In Albi, France, not far from Toulouse, is the garden of the Berbie Palais. Older than the Palais des Papes in Avignon, the Palais de la Berbie, formerly the Bishops' Palace, and now the Toulouse-Lautrec Museum, is one of the best-preserved castles in France.
During the reign of Louis XIV, in 1678, a garden was commissioned by the first Archbishop of Albi, Hyacinthe Serroni, to occupy the former site of the Bishops' Garrison. I've always loved sunken gardens, such as my own Giardino all'Italiana, and this one is truly a masterpiece, with its extravagant swirls of dwarf box broderie and its dramatic surrounding walls and battlements.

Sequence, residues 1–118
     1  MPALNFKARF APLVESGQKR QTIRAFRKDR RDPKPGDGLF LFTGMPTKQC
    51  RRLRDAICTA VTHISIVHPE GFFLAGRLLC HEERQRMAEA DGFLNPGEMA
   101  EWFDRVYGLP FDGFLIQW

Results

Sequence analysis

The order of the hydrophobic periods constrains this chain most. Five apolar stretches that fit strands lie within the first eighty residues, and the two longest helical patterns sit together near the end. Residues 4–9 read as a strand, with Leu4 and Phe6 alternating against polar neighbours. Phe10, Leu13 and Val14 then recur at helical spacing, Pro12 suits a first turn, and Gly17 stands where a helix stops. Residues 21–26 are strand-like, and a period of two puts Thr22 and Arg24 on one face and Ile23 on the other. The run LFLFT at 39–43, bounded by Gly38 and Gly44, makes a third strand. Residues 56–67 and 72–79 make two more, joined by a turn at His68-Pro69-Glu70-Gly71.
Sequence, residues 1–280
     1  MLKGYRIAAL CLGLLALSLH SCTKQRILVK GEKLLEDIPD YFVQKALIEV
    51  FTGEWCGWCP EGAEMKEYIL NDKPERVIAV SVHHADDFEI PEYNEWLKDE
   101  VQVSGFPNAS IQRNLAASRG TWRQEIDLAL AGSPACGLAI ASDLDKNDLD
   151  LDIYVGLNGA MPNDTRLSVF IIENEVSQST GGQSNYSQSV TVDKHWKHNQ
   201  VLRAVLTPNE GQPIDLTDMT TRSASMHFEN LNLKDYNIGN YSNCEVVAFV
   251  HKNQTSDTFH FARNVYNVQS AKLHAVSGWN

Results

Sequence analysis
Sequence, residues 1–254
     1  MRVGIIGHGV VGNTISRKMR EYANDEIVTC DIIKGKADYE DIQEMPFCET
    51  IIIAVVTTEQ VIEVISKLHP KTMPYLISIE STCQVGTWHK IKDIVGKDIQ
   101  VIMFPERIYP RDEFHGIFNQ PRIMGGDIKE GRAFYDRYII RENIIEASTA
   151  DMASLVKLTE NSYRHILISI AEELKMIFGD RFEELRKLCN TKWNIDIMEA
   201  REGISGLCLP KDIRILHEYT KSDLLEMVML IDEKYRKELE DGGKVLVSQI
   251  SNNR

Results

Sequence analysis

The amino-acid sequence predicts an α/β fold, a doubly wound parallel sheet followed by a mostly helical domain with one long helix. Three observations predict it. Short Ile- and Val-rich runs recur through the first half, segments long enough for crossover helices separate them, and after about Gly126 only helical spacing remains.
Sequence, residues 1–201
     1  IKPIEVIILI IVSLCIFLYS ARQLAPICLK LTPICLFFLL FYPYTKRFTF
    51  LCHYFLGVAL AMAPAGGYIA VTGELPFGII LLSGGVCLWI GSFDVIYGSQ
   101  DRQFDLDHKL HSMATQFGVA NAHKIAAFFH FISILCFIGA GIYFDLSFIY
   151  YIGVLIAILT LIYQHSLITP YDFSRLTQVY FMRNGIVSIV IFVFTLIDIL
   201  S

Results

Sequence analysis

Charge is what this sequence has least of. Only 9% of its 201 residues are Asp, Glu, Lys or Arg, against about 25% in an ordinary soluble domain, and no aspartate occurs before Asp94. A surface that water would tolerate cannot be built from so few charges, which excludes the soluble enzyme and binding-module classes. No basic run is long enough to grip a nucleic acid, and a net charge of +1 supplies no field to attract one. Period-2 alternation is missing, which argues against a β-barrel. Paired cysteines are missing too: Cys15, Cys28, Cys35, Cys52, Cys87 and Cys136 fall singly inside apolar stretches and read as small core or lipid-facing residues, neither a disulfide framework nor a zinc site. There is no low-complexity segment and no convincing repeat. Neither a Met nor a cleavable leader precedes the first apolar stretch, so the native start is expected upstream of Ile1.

And to my mind it's far more beautiful now in winter than in the warmer months when the bare ground you see above is planted out in GMAs (garish modern annuals) turning it all into a fussy carpet of regrettable reds and pinks.
The high framing walkway looks out onto the garden on the right and to the Tarn river on the left and is covered with a romantic arbor of, I think, grapes. Perfection!